Come back with us through the mists of time as we take a look at CeBIT 99. We highlight the news that tickled the fancy of visitors to last year's show and has gone on to revolutionise our lives. But as well as these high-tech success stories, there were also the inevitable technological flops.
Symbian announced its first heavyweight support for its EPOC operating system, with Ericsson showing its first smartphone based on the OS.
Before the first WAP specs were finalised, Motorola showed its new range of digital communication products and promised Internet-browsing capability across its entire digital mobile phone range in 2000.
Several months later, manufacturers began abandoning the OS in droves. Instead, Microsoft's Windows CE made quite an impression at CeBIT 99, with companies such as Hewlett-Packard, Casio and Philips showing CE-based devices.
However, a year is a long time in the tech world, as these CeBIT 99 flops illustrate. For example, the Internet Microwave from NCR hasn't exactly found its way into kitchens across the world. The first and only microwave to offer both Internet access and food-heating functionality, the oven looked certain to become a hit.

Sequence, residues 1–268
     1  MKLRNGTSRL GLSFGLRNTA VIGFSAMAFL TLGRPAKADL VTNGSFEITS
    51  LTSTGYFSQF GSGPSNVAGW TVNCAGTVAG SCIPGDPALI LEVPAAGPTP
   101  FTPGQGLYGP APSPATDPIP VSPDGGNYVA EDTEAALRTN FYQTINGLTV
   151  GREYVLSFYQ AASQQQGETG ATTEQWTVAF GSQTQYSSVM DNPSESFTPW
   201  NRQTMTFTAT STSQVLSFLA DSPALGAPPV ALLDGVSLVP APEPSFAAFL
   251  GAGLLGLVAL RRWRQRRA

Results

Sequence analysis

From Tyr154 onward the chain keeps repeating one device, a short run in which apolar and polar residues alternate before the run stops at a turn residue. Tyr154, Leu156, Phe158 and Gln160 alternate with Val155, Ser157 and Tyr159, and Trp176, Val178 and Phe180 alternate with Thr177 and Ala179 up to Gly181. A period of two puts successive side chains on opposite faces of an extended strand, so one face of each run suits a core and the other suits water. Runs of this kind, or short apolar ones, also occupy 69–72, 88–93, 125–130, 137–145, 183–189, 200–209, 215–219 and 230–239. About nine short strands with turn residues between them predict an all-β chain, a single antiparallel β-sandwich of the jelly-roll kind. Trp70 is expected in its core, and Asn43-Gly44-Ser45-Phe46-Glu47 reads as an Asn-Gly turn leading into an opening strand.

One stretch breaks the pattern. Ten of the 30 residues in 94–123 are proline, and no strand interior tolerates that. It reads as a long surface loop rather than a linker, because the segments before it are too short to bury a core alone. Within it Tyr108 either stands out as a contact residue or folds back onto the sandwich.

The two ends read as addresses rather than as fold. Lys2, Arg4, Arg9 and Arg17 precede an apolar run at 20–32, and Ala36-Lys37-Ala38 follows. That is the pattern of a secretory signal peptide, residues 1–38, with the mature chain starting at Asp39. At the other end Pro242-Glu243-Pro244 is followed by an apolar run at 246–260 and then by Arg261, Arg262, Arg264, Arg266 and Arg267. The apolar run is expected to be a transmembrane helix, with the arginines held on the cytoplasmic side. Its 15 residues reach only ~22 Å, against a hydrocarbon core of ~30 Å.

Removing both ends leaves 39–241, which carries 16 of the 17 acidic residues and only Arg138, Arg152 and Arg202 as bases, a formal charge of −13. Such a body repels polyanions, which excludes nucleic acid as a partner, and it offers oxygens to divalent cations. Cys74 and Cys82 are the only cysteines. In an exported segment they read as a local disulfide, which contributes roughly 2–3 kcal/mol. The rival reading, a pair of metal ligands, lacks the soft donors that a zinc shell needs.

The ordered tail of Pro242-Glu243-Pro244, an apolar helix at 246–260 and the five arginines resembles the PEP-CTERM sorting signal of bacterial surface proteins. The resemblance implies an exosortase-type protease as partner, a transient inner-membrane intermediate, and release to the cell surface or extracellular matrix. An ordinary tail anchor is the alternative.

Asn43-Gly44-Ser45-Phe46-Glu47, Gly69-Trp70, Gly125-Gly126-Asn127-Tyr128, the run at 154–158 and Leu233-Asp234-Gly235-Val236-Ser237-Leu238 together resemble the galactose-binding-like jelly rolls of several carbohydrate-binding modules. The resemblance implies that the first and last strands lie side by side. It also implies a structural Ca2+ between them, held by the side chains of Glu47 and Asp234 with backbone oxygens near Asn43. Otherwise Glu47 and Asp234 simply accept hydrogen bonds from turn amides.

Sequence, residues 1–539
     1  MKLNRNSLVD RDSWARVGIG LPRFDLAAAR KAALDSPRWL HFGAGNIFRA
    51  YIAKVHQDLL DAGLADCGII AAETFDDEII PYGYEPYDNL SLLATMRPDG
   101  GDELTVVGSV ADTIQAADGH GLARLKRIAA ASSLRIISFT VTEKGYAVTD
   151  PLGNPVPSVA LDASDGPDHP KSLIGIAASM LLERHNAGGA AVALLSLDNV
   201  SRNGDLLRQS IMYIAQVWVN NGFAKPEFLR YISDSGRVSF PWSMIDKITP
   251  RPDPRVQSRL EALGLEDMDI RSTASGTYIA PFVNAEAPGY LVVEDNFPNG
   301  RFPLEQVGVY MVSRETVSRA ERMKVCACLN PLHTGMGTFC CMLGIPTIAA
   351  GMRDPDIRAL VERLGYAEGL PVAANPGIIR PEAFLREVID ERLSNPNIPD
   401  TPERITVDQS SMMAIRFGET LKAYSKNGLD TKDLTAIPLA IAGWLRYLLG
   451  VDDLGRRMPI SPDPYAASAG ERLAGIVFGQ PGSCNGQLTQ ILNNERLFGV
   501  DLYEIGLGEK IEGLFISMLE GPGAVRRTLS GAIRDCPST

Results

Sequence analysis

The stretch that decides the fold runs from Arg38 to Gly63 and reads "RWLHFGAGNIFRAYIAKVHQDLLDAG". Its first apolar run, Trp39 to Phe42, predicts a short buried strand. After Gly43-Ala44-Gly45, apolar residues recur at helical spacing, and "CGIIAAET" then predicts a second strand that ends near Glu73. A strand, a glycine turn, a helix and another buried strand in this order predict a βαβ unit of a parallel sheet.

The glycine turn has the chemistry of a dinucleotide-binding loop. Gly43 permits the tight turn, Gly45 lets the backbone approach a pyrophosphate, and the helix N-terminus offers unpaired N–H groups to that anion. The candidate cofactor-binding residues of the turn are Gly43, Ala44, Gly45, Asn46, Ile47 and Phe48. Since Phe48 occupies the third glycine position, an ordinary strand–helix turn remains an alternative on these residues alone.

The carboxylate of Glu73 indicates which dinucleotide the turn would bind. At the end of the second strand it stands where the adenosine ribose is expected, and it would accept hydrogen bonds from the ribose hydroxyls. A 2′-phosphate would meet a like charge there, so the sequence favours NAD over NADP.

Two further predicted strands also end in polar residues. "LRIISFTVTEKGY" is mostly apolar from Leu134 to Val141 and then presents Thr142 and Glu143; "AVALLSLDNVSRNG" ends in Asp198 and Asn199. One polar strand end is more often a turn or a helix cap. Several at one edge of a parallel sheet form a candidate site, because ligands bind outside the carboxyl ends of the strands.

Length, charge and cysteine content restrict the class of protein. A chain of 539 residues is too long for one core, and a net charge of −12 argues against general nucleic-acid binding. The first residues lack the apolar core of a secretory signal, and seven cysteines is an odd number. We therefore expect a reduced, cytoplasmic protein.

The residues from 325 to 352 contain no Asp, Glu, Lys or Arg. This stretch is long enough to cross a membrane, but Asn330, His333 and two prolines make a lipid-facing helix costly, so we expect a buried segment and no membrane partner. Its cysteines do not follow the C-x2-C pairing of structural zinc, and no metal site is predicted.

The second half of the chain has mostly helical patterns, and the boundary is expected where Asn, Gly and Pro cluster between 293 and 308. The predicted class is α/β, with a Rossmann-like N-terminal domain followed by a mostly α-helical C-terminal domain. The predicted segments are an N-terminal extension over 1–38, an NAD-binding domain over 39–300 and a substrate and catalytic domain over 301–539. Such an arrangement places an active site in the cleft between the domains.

IBM and DaimlerChrysler also teamed-up to produce a fully computerised office in the back seat of a car. It might not seem like everybody's idea of an ideal working environment, but Thomas Kratz, of DaimlerChrysler's van division, said in a statement: "In the future, we believe that all vehicles should have such a platform as a standard integrated component, offered at a reasonable price."
For full coverage, see ZDNet UK's CeBIT 2000 special.